Thirty five years after the biggest military victory in the history of Israel, we are stuck in the deepest mud. For those who want to forget, or those who were not here at the time, some reminders of how it began.
One evening in the summer of 1967, I was invited to give a lecture on a kibbutz on the Syrian border. Afterwards I was invited, as usual, to have coffee and chatter in the room of one of the members in an intimate circle.
“Last week Dado was here,” the host told me, “He said that every evening, before going to sleep, he prays to God that Nasser would concentrate his army in the Sinai desert. There we shall destroy it.” David Elazar, nicknamed Dado, was at the time the Officer Commanding the northern sector. Gamal Abd-al-Nasser, the Egyptian president, was the idol of the Arab world.
I remembered this a few weeks later, when Abd-al-Nasser surprised the world and indeed sent his forces into Sinai. When all of Israel was trembling with fear and worry, I published in my magazine, Haolam Hazeh, an article entitled “Nasser has Walked into a Trap”. That was on May 24, a day after the Egyptian leader had closed the Tiran straits to Israeli shipping, committing an act of war. People thought that I had gone crazy.
History is a cruel old woman with a twisted sense of humor, who likes to fool humans and trick whole nations. She turns victory into disaster, and vice versa.
During the “weeks of anxiety”, on the eve of that war, many thought that Israel was in existential danger, that any minute we would be thrown into the sea. When the government decided, in the end, to order the attack, the astounding victory looked like a miracle. The swiftness and dimensions of the victory, as well as the extent of the territories occupied and the conquest of the Western Wall, caused a delirium of joy that lasted for six years, until the Yom Kippur war.
On the fifth day of the Six-Day War I wrote an Open Letter to the Prime Minister, Levy Eshkol. I pointed out that now, with the West Bank and the Gaza Strip occupied by the IDF, there was a historic opportunity to make peace for generations. I proposed conducting an immediate plebiscite among the Palestinians, giving them the choice of establishing a Palestinian state, at peace with Israel and with its support.
For me this was not a spontaneous idea. During the preceding 15 years, when the West Bank was ruled by Jordan and the Gaza Strip by Egypt, I had propounded in Haolam Hazeh the idea of a Palestinian state, as the only way of achieving peace. I had proposed to supply the Palestinians with arms and money, in order to enable help them to liberate themselves and set up their own state next to Israel.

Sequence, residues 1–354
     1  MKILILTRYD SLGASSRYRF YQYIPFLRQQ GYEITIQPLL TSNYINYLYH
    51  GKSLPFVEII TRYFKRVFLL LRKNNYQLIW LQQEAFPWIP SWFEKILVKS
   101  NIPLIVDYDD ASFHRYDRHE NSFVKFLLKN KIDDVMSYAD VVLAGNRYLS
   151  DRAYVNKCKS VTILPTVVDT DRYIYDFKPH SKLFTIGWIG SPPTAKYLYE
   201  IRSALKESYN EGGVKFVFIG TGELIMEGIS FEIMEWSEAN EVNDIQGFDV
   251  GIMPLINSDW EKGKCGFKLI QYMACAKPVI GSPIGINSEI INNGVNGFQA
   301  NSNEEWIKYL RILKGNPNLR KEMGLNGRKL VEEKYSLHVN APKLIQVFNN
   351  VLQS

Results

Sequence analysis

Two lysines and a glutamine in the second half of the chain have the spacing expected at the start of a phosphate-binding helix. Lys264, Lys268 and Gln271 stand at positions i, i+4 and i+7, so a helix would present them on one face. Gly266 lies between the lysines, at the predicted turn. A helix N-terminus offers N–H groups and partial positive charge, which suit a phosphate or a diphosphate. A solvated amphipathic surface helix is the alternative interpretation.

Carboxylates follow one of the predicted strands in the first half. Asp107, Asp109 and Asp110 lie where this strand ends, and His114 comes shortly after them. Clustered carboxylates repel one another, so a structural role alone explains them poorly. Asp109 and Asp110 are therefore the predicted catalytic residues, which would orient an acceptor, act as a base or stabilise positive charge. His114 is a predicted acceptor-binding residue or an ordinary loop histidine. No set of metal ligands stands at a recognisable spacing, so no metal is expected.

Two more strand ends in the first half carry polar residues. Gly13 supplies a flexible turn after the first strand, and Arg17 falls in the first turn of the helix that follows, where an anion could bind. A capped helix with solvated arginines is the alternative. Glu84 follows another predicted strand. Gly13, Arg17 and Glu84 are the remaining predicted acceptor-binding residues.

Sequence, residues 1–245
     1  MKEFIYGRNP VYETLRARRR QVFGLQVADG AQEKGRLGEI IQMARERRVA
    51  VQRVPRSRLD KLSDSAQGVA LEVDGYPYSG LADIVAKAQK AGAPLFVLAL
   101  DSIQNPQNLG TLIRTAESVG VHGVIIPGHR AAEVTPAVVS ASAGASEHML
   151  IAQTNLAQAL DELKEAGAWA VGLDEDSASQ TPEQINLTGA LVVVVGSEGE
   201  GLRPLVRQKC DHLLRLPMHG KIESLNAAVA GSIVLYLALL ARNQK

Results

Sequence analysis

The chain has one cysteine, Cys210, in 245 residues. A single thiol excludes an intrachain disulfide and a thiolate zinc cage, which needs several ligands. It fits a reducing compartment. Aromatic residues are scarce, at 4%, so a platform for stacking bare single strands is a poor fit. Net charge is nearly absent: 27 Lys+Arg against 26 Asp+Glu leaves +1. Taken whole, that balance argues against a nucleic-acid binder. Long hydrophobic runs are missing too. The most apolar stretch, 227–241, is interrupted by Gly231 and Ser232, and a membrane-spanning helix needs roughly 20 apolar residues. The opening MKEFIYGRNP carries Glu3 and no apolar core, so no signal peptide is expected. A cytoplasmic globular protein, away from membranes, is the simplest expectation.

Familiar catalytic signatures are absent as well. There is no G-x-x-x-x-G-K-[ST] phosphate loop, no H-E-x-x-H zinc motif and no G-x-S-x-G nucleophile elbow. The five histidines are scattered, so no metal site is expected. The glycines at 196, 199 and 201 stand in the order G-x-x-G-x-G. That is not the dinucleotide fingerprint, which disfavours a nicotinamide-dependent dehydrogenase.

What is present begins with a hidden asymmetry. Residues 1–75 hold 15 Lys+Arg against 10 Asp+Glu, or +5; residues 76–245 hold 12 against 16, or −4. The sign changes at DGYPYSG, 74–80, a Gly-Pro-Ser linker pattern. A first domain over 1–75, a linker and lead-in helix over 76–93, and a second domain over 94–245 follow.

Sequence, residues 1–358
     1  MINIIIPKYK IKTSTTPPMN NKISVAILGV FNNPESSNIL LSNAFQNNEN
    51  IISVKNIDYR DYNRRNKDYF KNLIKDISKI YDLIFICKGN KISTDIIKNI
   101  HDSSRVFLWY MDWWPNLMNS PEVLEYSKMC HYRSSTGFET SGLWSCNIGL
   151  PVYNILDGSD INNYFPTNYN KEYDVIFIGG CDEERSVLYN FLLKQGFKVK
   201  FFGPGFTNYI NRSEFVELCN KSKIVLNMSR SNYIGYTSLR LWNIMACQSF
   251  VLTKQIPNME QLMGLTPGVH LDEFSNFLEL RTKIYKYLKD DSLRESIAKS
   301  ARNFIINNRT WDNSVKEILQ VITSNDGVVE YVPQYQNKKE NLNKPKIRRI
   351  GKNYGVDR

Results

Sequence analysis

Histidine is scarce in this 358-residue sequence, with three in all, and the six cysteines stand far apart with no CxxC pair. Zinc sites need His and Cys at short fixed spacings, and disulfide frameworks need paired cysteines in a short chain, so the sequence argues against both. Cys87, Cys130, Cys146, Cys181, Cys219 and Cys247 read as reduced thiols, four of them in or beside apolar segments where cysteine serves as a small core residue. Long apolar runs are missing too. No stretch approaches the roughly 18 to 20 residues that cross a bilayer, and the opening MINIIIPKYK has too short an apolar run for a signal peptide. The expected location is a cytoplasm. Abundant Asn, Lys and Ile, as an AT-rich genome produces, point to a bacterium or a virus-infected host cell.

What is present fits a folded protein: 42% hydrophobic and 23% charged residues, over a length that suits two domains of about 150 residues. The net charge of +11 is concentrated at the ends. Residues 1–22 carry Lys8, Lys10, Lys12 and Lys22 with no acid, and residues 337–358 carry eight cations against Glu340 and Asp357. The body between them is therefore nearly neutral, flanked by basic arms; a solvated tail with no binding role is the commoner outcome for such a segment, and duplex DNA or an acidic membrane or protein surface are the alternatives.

The Open Letter to Eshkol was published on June 9 in Daf (a short-lived daily paper I published at the time). I repeated the idea in greater detail in Haolam Hazeh on June 14. At the same time I asked the Prime Minister for a meeting.
Eshkol invited me few days later to his room in the Knesset. (I was then a Knesset member for the “Haolam Hazeh é New Force” party. I explained the idea: the Arab world is in a state of shock, the Palestinians are freed from Jordanian and Egyptian rule and are for the first time able to take their fate into their own hands. In such a rare situation, a bold initiative can change the consciousness of whole nations. Arab culture glorifies generous gestures of victors at the time of their triumph. If Israel comes now, on the morrow of its incredible victory, and offers the Palestinian freedom and national independence in all the occupied territories of the West Bank and the Gaza Strip, a new era will start.
Eshkol, a pleasant and humorous person, listened patiently. When I was done, he smiled: “Uri, what kind of merchant are you? When negotiating a deal, one starts by offering the minimum and demanding the maximum. In the course of the negotiation one compromises and meets the other side somewhere in the middle.”
I answered: “Mr. Prime Minister, that is true if you are selling a horse. It is not true when you want to put an end to a historical conflict between peoples.”
Everyone knows what followed. But some months later there was another dialogue of sorts between Eshkol and me. I was making almost daily speeches in the Knesset about the need to set up a Palestinian state, literally speaking to the wall. One day I had a run-in with the Prime Minister. I told the Knesset that I had personally canvassed the views of all the prominent leaders on the West Bank, and all of them had told me that they prefer a Palestinian state to a return to Jordan. Eshkol dismissed my speech out of hand. But on the next day his advisor for Arab affairs, Moshe Sasson, called and told me that the Prime Minister has asked him to meet with me, in order to find out on what information I based my assertion.
The meeting took place in the Knesset on November 19, 1967. We compared notes. Afterwards Sasson submitted his report to the Prime Minister and sent me a copy. The salient passage says: “There was no basic difference of opinion between my assessment and that of Mr. Avneryé(but) the question is whether the Arabs want such a state if it does not include (East) Jerusalem. Since we are not willing to give back Arab Jerusalem, the whole debate about a Palestinian state becomes an abstract and useless one. Neither I nor Mr. Avnery could point to one of the West Bank leaders who would be willing to support the idea of a Palestinian state without Jerusalem.”
If someone today asks how, 35 years ago, we lost a historic chance to make peace, here lies the answer.
[The author has closely followed the career of Sharon for four decades. Over the years, he has written three extensive biographical essays about him, two (1973, 1981) with his cooperation.]